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This chapter addresses the question of how the study of affect in the semiotic landscape can be done in a theoretically coherent way that can lead to insightful analytical payoffs. The chapter outlines a theoretical framework that serves to provide a concrete theorization of Wissinger’s (2007) description of affect as socially ‘contagious energy’. The actual mechanisms by which affect is materialized, circulates and becomes ‘whipped up or dampened’ are systematically articulated.
This chapter examines the ways in which areas such as luxury housing projects and enclaves are structured as luxurious, desirable and valuable by virtue of being unattainable by the general public. The nature of such “Veblen goods” is primarily to confer preeminent stature upon the owner; as such, they have to be strictly demarcated as being both desired by the majority of people, and also distinctly out of their reach. The chapter shows how dialectical tension between strong desire and distinct unattainability relies on a complex semiotics combining some of the elements of conviviality (safety, acceptance, comfort and well-being) with quite different elements of awe, superiority and rejection.
This chapter addresses the issue of boundaries: how are the boundaries established between one site where a particular kind of affect is being fostered and another site where some other affect is either encouraged or where the affect fostered by the former site is no longer a relevant concern? The chapter begins with a brief consideration of various attempts to demarcate specific sites as ‘friendly’. This gives a sense of what the semiotics of conviviality might look like. The latter half of the chapter comprises a detailed case study of a ‘dementia-friendly’ neighborhood in Singapore.
This chapter addresses the broad question what it means to talk about a semiotic landscape in the era of late modernity, given the complexities observed and arguments presented in the preceding chapters. It identifies three possible lines of future research that are likely to only gain in significance and urgency: the digitalization of third places, the experience economy, and the dynamics of affective regimes.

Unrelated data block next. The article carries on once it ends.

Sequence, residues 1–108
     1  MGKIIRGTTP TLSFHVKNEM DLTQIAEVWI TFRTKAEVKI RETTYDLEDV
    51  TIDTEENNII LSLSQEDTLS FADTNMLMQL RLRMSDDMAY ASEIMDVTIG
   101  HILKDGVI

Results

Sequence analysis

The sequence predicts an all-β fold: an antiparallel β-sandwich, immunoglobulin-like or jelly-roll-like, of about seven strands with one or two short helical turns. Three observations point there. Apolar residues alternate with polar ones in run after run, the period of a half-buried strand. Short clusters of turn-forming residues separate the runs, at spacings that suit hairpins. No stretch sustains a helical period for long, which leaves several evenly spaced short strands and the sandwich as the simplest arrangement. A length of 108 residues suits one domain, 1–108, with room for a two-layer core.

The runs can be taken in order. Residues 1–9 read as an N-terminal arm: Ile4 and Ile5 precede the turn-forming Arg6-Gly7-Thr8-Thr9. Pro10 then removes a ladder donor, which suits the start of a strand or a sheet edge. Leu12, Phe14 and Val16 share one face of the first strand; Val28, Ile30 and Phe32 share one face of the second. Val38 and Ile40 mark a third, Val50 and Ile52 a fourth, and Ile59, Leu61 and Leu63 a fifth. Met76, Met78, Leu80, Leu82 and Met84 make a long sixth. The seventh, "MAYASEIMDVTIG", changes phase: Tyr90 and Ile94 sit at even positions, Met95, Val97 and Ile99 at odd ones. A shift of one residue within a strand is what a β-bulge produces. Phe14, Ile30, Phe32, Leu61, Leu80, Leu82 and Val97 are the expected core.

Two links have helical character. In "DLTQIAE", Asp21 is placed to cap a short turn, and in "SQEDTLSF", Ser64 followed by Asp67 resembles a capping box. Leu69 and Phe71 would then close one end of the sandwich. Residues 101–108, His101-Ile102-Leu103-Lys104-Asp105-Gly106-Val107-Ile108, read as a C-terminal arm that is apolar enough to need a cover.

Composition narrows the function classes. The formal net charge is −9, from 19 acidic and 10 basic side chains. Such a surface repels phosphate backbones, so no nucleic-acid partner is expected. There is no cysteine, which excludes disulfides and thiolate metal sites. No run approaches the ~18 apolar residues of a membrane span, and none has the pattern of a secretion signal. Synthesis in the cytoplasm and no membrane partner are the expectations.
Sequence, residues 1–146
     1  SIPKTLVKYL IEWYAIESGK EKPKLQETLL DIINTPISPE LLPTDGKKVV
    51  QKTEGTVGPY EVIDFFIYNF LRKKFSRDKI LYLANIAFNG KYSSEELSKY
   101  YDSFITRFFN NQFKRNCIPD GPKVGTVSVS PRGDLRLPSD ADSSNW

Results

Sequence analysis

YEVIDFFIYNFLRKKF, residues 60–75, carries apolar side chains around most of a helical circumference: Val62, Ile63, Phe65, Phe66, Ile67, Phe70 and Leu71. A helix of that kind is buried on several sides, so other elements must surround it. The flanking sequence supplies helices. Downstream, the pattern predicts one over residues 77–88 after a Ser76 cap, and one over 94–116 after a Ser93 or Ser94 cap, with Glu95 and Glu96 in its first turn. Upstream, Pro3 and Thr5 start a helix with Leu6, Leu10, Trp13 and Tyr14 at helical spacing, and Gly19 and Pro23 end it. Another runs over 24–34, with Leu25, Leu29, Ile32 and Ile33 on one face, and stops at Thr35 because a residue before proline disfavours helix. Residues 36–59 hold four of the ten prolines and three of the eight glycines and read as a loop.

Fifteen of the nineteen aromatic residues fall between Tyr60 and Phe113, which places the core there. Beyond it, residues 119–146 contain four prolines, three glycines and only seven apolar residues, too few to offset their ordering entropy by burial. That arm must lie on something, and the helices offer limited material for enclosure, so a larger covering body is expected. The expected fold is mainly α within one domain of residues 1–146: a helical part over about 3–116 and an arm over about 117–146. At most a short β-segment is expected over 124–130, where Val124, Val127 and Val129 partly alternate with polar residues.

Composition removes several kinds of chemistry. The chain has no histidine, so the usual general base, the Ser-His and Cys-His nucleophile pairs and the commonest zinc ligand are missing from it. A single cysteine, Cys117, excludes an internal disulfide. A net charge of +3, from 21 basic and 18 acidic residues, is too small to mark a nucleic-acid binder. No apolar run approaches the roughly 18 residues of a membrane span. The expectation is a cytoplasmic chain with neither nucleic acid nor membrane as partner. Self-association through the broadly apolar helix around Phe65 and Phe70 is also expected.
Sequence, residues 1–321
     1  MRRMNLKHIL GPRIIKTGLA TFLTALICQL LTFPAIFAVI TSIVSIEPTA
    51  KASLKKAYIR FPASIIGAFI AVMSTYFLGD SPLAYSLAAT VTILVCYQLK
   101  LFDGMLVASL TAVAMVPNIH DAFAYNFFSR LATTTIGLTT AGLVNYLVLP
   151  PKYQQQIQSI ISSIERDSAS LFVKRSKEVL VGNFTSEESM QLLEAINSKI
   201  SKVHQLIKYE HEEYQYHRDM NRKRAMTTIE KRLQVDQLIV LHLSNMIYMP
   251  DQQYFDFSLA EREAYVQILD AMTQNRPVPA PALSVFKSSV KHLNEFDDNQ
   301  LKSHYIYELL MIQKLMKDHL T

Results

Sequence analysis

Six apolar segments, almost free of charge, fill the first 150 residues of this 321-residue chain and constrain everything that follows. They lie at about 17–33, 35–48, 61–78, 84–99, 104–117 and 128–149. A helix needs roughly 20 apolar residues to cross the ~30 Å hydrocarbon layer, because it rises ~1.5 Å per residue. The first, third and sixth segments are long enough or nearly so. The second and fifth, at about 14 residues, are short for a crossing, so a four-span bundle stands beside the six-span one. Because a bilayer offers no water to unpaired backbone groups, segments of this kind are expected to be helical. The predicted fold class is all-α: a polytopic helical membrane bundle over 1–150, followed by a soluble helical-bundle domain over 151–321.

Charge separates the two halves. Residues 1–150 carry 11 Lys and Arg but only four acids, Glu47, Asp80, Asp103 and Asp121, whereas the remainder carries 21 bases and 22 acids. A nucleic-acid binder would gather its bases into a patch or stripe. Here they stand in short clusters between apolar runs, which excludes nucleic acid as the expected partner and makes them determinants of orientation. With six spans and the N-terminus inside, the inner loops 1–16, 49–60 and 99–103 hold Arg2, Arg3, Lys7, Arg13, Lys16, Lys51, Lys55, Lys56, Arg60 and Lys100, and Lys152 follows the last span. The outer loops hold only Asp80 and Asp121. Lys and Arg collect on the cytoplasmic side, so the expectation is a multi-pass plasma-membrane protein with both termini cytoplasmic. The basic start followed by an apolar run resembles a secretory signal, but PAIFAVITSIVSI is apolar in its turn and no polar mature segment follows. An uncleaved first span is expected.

This chapter focuses on communication that takes place via new communicative technologies, particularly social media. The chapter begins with a discussion of the R-word campaign, which analyses some of the strategies and techniques that are being used to mobilize affect on the Internet. This is followed by a detailed analysis of trolling and cyber bullying, and attempts to combat it by calling for ‘safer, friendlier internet’. The key issue being examined in this chapter is the relationship between online behavior and the real world, since it is the presumed demarcation between the two domains that allows trolls and bullies to act as they do.
Chapter 3 illustrates what might be considered a relatively transparent attempt at regulating affect: the use of figures that are considered kawaii, a Japanese term meaning ‘cute’ or ‘adorable’. An examination of how kawaii figures are employed by various municipal authorities in Tokyo brings to light just how affect works when linguistic and non-linguistic modalities are combined. The use of kawaii in public signage, especially in the form of cartoon figures, brings to light and helps exemplify Ahmed’s (2004a, b) claim that affect circulates via the use of characters that tend to evoke specific cultural stereotypes.
This chapter describes the ways in which a set of ‘romance’ signs create a landscape as the site of an individual adventure, journey of growth, and path to fulfilment. The structuring of romance affects is not only prolific in literature and folk tales, but has all kinds of implications for geophysical landscapes as well: from touristic discourses which describe specific destinations as sites of ‘romance’ and ‘adventure,’ to film narratives which intersect with tourism by leveraging on viewer fandom to popularize certain film locations, to the semiotics of amusement parks and other attractions.